The Kenyan government will lift their ban on genetically modified crops in two months, Deputy President William Ruto said on Wednesday.
"Various government ministries, departments and agencies concerned with biotechnology have already consulted and agreed on the necessary regulations and safety measures to be adhered to so that we can maximize on agricultural production, improve health services, conserve the environment and basically improve the living standards of our people," he stated.
Deputy President Ruto also explained that he did not want Kenya to lag behind because of misinformation while the rest of the world moves far ahead with the adoption of agricultural biotechnology.
Kenyan scientists have been pushing for the lifting of the ban to help the country deal with hunger. The ban was established in 2012, and was influenced by the infamous junk study by Gilles-Eric SÃ©ralini. The 2012 study claimed that pesticide-treated, genetically-modified corn was causing cancer in lab rats. However, SÃ©ralini used a rodent variety that was specifically bred to develop tumors, and he cherry picked results to satisfy his own bias. The study was quickly retracted from the journal that originally published it.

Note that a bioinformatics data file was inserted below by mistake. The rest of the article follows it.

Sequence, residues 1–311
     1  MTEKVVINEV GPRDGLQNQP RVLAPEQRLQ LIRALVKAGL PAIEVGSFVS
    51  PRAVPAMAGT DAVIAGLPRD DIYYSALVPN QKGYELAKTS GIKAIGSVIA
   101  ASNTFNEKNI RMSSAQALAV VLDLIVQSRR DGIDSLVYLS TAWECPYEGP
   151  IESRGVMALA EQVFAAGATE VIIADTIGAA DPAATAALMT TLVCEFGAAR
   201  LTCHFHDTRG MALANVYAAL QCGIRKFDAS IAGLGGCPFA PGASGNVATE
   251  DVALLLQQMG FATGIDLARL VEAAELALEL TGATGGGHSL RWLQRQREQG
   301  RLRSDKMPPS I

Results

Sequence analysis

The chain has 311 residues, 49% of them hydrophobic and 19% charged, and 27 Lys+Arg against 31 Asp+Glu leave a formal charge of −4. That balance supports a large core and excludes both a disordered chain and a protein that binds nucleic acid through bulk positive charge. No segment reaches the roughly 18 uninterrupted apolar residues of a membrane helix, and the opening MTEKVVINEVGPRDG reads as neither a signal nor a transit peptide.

"Scientists, and especially those from the National Biosafety Authority, should be able to confound skeptics. We should be able to tell the public that anything genetically modified is not harmful. Science and technology is what will take us to the next level," said Deputy President Ruto. (Sounds like he s been reading ACSH.)
Just a few months ago, we wrote about Kenya s neighbor Uganda proposing the National Biotechnology and Biosafety Bill, which contains provisions that would allow farmers to start growing modified foods. However, the bill is currently being blocked by anti-GMO activists. This is unfortunately happening at a time when Uganda s number one staple crop, the banana, has been under attack from a bacterial disease that wilts the fruit. Ugandan scientists have developed transgenic banana varieties that are 100% resistant to the wilt but thanks to the activists, these varieties will remain in laboratories rather than fields, at least for the time being.